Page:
The worsening traffic in New York City is a personal inconvenience, an environmental blight, and an economic drag—possibly to the tune of $20 billion. That’s the latest projection by the Partnership for New York City, a group that represents businesses, of the annual loss for the metro area over the next five years if nothing is done to unjam cars.
Congestion pricing—essentially, tolling cars to enter crowded streets during rush hours—is widely viewed by transportation advocates and researchers as an essential intervention into the city’s growing transportation crisis. It’s an idea that’s succeeded elsewhere—since London cordoned off a fee zone in 2003, the number of cars entering its city center has declined 44 percent. Congestion pricing was last seriously attempted under Mayor Michael Bloomberg in New York City in 2008, but there’s still no precedent in the U.S. for such a system.
That could soon change, if a report by Fix NYC, a traffic advisory panel appointed by New York Governor Andrew Cuomo in October 2017, turns into law. Released last week for review by the New York state legislature, the report recommends a plan, with three phases, for smoother streets and more transit revenues. It suggests a charge for driving into Manhattan’s core. One possible number: $11.52 for personal vehicles. Here are the three phases.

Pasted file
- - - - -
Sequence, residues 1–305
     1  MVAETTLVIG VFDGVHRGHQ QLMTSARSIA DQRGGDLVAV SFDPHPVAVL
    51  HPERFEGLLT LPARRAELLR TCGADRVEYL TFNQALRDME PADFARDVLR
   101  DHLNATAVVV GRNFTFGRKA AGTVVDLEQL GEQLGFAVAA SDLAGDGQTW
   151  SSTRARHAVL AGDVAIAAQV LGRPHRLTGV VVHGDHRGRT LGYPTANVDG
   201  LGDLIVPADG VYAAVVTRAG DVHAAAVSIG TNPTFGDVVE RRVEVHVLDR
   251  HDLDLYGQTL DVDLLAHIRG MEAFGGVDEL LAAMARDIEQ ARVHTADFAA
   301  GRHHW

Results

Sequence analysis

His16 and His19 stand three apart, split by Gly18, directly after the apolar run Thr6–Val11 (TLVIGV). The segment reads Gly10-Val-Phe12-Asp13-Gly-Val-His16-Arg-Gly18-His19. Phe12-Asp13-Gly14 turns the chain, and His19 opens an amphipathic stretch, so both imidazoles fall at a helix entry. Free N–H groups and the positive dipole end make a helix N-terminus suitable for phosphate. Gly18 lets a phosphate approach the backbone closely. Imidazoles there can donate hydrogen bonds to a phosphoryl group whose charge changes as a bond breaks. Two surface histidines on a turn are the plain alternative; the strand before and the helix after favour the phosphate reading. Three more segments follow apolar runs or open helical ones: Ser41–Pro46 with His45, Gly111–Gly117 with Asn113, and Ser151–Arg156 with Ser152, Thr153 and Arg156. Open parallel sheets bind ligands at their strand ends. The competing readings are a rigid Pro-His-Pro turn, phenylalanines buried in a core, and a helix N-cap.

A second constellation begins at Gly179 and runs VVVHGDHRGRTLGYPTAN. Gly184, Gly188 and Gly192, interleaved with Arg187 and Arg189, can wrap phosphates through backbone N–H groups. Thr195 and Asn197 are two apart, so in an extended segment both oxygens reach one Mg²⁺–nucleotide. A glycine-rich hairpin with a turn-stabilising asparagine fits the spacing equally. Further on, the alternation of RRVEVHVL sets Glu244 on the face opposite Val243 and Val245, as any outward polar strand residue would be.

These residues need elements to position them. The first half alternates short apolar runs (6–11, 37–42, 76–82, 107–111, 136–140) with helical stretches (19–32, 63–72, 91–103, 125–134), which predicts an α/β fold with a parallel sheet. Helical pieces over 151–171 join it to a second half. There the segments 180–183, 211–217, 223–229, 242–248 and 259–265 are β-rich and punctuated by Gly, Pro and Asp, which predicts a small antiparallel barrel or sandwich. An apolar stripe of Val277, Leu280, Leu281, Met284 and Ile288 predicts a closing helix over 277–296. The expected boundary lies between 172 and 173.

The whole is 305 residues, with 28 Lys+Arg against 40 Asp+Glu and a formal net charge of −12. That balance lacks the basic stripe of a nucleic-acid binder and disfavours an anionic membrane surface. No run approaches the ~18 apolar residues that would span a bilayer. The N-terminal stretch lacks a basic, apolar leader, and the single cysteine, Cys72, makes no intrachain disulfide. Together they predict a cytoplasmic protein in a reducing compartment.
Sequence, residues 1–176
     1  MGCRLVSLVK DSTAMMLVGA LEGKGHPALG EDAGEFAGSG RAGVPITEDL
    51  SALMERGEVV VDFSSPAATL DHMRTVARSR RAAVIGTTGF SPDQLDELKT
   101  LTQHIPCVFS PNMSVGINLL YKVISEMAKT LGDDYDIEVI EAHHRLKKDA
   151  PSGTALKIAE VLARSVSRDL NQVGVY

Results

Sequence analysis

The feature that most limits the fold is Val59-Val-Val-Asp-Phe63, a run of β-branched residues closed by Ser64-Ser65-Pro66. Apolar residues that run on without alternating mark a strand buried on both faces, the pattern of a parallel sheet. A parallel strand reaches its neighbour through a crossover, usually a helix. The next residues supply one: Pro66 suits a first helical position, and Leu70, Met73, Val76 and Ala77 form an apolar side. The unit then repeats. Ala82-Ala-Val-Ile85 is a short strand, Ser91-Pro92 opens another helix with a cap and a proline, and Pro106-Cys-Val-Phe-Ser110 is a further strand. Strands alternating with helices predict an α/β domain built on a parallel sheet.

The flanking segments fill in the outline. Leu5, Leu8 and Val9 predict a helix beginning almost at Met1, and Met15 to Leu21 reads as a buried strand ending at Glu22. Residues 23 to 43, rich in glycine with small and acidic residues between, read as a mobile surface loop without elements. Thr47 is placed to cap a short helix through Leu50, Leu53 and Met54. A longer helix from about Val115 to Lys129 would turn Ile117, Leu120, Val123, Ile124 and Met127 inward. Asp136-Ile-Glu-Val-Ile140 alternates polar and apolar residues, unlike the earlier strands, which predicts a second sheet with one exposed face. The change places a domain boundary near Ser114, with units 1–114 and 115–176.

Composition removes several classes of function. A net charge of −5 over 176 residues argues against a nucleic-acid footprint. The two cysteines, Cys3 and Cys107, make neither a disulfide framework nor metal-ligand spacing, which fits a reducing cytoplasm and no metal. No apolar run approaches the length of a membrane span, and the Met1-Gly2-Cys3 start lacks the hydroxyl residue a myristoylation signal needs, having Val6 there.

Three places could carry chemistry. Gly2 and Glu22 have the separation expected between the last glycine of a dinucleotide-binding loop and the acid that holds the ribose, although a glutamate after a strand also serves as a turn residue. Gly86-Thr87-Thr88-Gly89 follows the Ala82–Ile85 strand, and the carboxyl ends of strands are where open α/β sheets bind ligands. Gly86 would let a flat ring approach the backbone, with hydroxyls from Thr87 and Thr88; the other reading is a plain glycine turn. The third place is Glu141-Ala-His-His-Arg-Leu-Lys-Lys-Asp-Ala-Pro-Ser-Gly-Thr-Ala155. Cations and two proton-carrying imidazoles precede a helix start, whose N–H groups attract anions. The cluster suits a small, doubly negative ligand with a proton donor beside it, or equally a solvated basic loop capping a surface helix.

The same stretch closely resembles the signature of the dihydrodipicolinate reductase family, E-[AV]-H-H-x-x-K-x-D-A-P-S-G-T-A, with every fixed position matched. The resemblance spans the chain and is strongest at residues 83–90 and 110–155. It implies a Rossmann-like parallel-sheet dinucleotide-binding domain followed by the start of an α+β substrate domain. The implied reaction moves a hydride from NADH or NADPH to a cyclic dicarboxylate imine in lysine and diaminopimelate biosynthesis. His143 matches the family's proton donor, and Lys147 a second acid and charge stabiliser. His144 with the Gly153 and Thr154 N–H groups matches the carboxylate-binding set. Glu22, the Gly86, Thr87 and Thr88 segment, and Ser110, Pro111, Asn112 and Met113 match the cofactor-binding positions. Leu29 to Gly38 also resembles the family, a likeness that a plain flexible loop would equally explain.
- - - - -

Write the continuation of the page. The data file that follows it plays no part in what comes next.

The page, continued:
Between cheaper gas prices, population growth, unreliable transit, and the rise of ride-hailing apps, average speeds in the central business district of Manhattan slowed by more than 17 percent in 2016, to 6.8 mph.
Phase one, which the report recommends starting immediately, involves identifying improvements for transit connections between New York’s central business district and the outer boroughs. That means restoring the subway to a state of good repair, for which no one should hold their breath. (That Herculean task could take billions of dollars and decades of work.) But there are faster and more affordable fixes, too, such as improving bus service and introducing new express bus routes to poorly connected neighborhoods. The Bloomberg administration called for this when it pushed for congestion pricing. Local advocacy groups have continued to demand the same. (And—why not?—the city could throw in some streetcars, too.)
The Fix NYC plan is only the start of a political process; the state legislature must debate and approve the details before any of its contents become law. There is no precedent for a true congestion-pricing scheme in the U.S., and the idea has failed in New York City before. But this time, the political calculus is different, and the pressure is overwhelming.